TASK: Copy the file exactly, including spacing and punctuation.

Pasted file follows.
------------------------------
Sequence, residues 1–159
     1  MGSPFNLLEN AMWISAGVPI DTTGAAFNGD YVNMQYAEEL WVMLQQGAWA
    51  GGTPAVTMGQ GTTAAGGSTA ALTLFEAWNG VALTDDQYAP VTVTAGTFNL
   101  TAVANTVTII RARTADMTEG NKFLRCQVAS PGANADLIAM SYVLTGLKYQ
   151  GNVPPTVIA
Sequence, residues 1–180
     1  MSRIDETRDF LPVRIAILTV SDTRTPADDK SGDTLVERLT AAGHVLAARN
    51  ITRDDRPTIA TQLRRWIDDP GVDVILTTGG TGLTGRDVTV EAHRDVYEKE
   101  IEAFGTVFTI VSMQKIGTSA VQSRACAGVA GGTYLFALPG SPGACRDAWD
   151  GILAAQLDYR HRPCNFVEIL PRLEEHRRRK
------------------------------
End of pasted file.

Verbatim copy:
Sequence, residues 1–159
     1  MGSPFNLLEN AMWISAGVPI DTTGAAFNGD YVNMQYAEEL WVMLQQGAWA
    51  GGTPAVTMGQ GTTAAGGSTA ALTLFEAWNG VALTDDQYAP VTVTAGTFNL
   101  TAVANTVTII RARTADMTEG NKFLRCQVAS PGANADLIAM SYVLTGLKYQ
   151  GNVPPTVIA
Sequence, residues 1–180
     1  MSRIDETRDF LPVRIAILTV SDTRTPADDK SGDTLVERLT AAGHVLAARN
    51  ITRDDRPTIA TQLRRWIDDP GVDVILTTGG TGLTGRDVTV EAHRDVYEKE
   101  IEAFGTVFTI VSMQKIGTSA VQSRACAGVA GGTYLFALPG SPGACRDAWD
   151  GILAAQLDYR HRPCNFVEIL PRLEEHRRRK